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Old July 18th 03, 11:15 PM
ChrisCoaster
 
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Default BEST sounding FM stations in your area

Criteria are good dynamic range(not over-compressing), limited or no
use of EQ and special fx(echo, verb, stereo expanders).

I'm in Stamford, CT, so the best sounding stations I pick up are 95.1
WRKI up in Brookfield, CT, 96.3WQXR classical - NYC, 99.1 PLR in New
Haven, Q104.3 from NYC, and 106.7light FM, Lon GIsland.

The above stations prove that FM can sound good, and they also play
their music at the correct speed, in stereo, and without editing out
good bridges and solos from songs. Their volume is a little softer
than, say, Z100 or KTU, because they don't compress near as much as
those two stations. But their true fidelity makes them worth cranking
up.

-CC


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Old July 22nd 03, 04:03 PM
WBRW
 
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I'm in Stamford, CT, so the best sounding stations I pick up are 95.1
WRKI up in Brookfield, CT, 96.3WQXR classical - NYC, 99.1 PLR in New
Haven, Q104.3 from NYC, and 106.7light FM, Lon GIsland.


106.7 "Lite FM" WLTW has commendable dynamic range for a major-market
AC station, but their audio quality is let down by the horrible
digital compression artifacts in their music, which is stored as
low-quality 192 kbps MP2 files on their computer system. Especially
on songs with intense treble content, the "gritty", "sizzly",
"twinkly" artifacts are prominent enough that you can even hear them
on a clock radio with a 3-inch speaker. On a hi-fi stereo system,
WLTW sounds even worse, as the low-end "grunge" and distortion typical
of a clipping-happy Optimod or Omnia become obvious.

Of course, commercials sound the worst on just about all radio
stations these days, because of the multiple digital compression
schemes they are put through. By the time they get on the air, some
sound as bad as a 32 kbps MP3 or WMA file.

Stations that play their music direct from CD and their liners and
commercials from carts (yes, I said CARTS), and who don't use any
digitally compression in the link between their studio and their
transmitter, generally have the CAPABILITY to sound the best, as long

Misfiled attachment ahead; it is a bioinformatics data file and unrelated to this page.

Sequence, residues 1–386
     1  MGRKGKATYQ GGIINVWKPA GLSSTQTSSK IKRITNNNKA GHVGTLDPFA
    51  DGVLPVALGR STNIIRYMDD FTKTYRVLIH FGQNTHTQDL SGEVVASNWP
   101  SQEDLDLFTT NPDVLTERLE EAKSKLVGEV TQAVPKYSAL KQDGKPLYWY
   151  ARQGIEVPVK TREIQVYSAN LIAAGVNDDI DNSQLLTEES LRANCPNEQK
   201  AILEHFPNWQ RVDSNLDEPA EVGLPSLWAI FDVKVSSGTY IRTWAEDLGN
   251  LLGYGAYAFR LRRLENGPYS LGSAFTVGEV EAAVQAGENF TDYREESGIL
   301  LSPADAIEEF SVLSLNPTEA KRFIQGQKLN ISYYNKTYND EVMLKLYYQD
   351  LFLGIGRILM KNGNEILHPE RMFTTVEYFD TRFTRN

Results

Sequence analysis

as their audio processing is up to par and was adjusted by somebody
with an ear for crisp, clear, dynamic sound with accurate stereo, no
distortion, and no clipping "grunge".

Of course, there's no reason why *AM* stations can't sound great,
either, as long as you're using a high-quality radio, such as the
popular GE Superadio III or one of the many car radios with AM Stereo.
A well-designed, well-processed AM Stereo signal can easily meet or
exceed all of the performance specifications of typical FM stations,
and many listeners consider it to sound even better than FM because of
the different type of processing that AM Stereo stations use. The CRL
"Amigo AM" is the best-sounding AM Stereo audio processor, with the
older CRL units a close second. The Optimod 9100 series is also very
good for AM Stereo, but tends to lean towards maximum loudness instead
of maximum quality.

Here's a little MP3 sample of an AM Stereo station using
well-configured CRL processing, as received on a $29.99 Sony AM Stereo
Walkman. You may laugh, but I think you'll find the sound to be
surprisingly crisp and clear, with good Stereo imaging:

http://tinyurl.com/hmtm

Even better are some of the powerful AM Stereo stations in JAPAN, such
as 100,000-watt JOLF on 1242 kHz in Tokyo:

ftp://ftp.amstereoradio.com/aircheck...n/jolfclip.mp3

Of course, AM and FM's audio quality both pale in comparison to *TV*
audio, which at least with all-analog broadcast signals, can sound
much better, because there's generally no "loudness wars" on TV. If
you have a stereo TV or VCR hooked up to a good stereo system, you'll